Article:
Five women more newsworthy than Miley
The brilliant 16-year-old Pakistani teen, who defied the Taliban by championing education for girls, was awarded the European Union’s top human rights prize on Thursday. It’s a stunning accomplishment for the girl who, just last year, survived an assassination attempt. (She was also nominated for the Nobel Peace Prize, but the award went to the Organization for the Prohibition of Chemical Weapons.)
In a letter to the editor, Kate Zabinsky contrasted “the immaturity of quibbling American statesmen” with the young Malala, saying “she has done more to legitimize the ‘war on terror’ than any politicians in Washington.”
And earlier this week on “The Daily Show,” Jon Stewart asked if he could adopt Malala, now a celebrated international figure, during this much-buzzed-about interview in which she talked about standing up to the Taliban “through peace and through dialogue and through education.”
But, a note of caution from The Times’ Paul Whitefield: Too much Western praise may not be safe for Malala. (Jessica Rinaldi / Associated Press)
President Obama nominated Janet Yellen to head the Federal Reserve on Wednesday. “It was a historic choice,” wrote The Times’ editorial board of the news. “Yellen would be the first woman to lead the Fed in its 100-year history.”
What’s more: “Yellen, a former UC Berkeley economics professor and San Francisco Federal Reserve Bank president, has a particular expertise in unemployment and labor markets. That’s helpful for a Fed chair, given that the central bank’s monetary policy is required by law to serve two ends: keeping prices stable and promoting full employment. She also brings credibility to the job of combating inflation, having been a strong advocate of the Fed’s move to explicit targets for inflation. Those targets help manage the public expectations that can drive price and wage growth.”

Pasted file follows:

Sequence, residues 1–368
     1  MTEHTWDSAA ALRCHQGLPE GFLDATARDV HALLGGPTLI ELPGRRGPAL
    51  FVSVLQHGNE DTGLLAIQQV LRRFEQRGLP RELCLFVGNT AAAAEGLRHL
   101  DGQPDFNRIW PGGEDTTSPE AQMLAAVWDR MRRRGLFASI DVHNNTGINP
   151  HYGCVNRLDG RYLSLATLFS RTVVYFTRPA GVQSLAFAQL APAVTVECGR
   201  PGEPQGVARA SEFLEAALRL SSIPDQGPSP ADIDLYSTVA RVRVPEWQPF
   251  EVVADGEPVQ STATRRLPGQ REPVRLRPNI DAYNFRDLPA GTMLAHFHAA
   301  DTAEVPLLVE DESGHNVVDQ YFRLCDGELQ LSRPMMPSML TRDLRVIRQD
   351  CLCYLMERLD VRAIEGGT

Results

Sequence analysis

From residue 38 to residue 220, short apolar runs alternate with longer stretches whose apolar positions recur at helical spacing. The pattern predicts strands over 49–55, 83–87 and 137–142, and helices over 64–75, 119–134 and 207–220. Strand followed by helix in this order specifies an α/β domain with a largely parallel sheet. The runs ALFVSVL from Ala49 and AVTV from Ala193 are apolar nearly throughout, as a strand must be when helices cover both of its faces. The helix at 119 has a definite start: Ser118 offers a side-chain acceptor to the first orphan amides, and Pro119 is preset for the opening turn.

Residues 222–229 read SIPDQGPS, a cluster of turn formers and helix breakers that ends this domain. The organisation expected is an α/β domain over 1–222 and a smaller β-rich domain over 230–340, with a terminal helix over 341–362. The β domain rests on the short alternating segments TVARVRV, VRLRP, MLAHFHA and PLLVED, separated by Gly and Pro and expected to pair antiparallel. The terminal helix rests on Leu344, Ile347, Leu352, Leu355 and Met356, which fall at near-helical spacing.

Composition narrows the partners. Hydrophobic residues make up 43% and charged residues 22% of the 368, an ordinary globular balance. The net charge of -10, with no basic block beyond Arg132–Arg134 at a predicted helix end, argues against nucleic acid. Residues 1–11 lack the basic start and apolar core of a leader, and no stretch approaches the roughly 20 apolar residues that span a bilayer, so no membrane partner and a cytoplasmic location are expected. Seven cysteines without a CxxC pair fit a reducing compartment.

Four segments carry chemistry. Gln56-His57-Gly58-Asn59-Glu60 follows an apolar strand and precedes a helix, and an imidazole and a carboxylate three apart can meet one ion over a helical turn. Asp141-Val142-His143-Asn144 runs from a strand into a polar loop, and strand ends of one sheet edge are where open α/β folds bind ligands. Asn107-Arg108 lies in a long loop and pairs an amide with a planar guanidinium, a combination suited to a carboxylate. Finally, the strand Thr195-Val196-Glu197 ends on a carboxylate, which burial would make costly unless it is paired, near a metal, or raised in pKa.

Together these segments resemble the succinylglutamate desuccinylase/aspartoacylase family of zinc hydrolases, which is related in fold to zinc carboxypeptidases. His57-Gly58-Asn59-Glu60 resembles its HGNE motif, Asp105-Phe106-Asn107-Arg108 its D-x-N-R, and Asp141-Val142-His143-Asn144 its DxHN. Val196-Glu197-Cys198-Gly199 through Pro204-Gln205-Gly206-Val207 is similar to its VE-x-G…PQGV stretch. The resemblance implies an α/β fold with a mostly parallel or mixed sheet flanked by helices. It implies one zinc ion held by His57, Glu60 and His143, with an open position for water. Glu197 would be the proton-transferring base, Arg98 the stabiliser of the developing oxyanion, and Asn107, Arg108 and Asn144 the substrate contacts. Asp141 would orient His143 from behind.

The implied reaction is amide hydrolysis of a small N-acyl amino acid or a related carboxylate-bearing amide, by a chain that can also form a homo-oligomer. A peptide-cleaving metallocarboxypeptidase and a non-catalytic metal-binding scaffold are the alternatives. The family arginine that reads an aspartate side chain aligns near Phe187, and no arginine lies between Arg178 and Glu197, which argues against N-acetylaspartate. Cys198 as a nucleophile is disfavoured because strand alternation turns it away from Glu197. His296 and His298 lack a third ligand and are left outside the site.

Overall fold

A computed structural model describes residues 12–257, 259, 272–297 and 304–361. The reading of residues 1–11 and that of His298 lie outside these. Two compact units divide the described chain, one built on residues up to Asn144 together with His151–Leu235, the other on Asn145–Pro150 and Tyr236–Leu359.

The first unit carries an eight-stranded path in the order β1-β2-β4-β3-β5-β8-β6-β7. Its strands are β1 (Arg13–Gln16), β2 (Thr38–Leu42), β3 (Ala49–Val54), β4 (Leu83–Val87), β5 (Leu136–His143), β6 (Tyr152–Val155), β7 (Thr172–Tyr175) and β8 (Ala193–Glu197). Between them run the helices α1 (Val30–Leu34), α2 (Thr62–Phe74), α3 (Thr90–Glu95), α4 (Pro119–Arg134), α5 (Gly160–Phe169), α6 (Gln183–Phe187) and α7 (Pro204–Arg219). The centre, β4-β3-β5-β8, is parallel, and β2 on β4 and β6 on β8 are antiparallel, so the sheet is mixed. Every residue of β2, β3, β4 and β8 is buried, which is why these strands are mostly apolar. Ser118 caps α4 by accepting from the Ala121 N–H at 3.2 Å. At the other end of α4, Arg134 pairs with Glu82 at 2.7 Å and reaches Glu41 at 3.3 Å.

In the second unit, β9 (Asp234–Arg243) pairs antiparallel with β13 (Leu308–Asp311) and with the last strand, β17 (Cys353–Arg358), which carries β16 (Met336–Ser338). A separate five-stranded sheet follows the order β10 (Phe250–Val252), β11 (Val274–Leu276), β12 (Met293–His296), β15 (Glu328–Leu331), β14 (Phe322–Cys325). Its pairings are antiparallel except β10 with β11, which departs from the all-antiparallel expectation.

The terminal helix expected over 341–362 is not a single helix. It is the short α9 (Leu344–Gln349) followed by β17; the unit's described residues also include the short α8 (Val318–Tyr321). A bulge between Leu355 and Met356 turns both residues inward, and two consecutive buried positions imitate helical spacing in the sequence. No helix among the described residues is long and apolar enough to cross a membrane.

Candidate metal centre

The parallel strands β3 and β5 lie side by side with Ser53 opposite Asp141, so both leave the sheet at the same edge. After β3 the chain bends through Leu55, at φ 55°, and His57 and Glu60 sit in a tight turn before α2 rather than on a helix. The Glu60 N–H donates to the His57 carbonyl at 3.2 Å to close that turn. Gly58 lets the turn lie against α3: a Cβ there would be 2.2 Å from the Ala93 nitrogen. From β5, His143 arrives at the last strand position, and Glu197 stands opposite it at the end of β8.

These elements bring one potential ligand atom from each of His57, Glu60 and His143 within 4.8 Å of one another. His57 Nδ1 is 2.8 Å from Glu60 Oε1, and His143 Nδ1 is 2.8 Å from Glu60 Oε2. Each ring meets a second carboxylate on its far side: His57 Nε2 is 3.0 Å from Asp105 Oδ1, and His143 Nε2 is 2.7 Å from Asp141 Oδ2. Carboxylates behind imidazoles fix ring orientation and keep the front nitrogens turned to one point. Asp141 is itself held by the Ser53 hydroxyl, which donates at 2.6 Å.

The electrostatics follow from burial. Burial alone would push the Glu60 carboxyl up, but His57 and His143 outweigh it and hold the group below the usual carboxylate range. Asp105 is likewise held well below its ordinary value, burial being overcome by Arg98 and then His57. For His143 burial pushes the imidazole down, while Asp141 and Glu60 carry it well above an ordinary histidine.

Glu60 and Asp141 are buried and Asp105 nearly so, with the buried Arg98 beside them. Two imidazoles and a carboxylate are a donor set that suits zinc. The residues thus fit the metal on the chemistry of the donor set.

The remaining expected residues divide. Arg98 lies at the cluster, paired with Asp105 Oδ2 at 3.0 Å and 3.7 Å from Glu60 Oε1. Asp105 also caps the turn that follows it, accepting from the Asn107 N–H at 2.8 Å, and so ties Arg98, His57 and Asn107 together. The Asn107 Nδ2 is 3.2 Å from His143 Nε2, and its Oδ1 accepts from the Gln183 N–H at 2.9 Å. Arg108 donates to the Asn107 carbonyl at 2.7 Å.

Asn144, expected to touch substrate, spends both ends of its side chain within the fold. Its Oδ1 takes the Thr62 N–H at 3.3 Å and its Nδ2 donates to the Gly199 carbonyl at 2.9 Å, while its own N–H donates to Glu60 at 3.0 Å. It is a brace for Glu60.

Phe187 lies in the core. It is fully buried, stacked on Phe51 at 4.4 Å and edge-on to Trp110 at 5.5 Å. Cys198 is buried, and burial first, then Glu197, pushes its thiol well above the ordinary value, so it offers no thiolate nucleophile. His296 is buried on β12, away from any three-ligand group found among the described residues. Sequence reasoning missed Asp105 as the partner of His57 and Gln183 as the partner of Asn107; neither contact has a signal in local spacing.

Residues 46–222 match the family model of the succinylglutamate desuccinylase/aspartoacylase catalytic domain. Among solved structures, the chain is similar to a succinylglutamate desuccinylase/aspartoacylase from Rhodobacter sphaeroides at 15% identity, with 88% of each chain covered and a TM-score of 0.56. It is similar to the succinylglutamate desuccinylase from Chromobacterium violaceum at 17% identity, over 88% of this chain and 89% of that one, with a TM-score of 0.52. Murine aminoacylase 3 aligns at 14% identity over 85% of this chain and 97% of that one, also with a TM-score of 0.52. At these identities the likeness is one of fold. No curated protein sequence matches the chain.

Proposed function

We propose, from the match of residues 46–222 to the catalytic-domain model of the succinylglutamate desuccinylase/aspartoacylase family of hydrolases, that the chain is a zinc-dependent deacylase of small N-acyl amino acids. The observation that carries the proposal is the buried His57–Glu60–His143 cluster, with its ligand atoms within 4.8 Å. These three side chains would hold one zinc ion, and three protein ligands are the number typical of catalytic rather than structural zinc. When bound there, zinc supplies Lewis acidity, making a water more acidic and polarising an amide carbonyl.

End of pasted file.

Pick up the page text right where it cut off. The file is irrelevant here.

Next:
That’s not all. She’s “expected to be tougher than [Ben] Bernanke on the big Wall Street banks that the Fed regulates,” the board says.
Plus an extra bonus point, as Op-Ed editor Sue Horton pointed out: “She’s a powerful woman with gray hair.” (Charles Dharapak / Associated Press)
Megyn Kelly slayed in the ratings this week, blowing away the competition with her new tabloidy news show on the Fox News Channel. But it was another cable news host that caught my attention -- for something she did off camera.
After speaking on a panel at the Columbia University journalism school, and giving empowering advice to the young women in the room, Mika Brzezinski of MSNBC’s “Morning Joe” took one-on-one questions from attendees, one of whom was a young reporter concerned about rising in the ranks in her current gig at CBS’ Newspath.
Instead of giving her canned advice, Brzezinski, seen above in 2010, cared enough to actually help her -- by immediately calling a CBS executive and setting up a meeting for the “languishing” reporter.
Why? “Because that’s what women should do for each other, anyone should do for anyone!” she told Capital New York’s Peter Sterne. “And because I can.” (Jemal Countess / Getty Images for Time Inc.)
The 82-year-old author, seen above in 2009, was awarded the Nobel Prize in literature on Thursday. And was she waiting by the phone when the news came through? Nope!
In a piece describing Munro’s beautiful work evoking “everyday people, and the glories and heartaches to be found in ordinary lives,” Times Book Critic David L. Ulin writes, “She is in a class by herself: The 13th woman, first Canadian and first writer of predominantly short fiction to win the Nobel Prize.”
Why short stories instead of novels? Because it’s what she could manage while balancing the responsibilities of running a house and caring for her family. To which Ulin says, “Who needs novels, after all, when she has written stories that are as full as novels, in which time turns and telescopes and entire lives are revealed?”
Suzanne Somers more newsworthy than Miley Cyrus? Normally, I wouldn’t give a shout-out to a celeb for talking about her active sex life in the media. As far as I’m (usually) concerned, that stuff should remain private. But the 66-year-old Somers, seen above in 2007, deserves a nod because she just so happened to have grabbed our attention during the same week that Cyrus and Scarlett Johansson were in the news spreading the notion that women have expiration dates. It’s disheartening when confident female stars talk publicly about how getting older somehow means part of your life is ending. So, by contrast, Somers gets a thumbs-up. (Rose M. Prouser / Associated Press)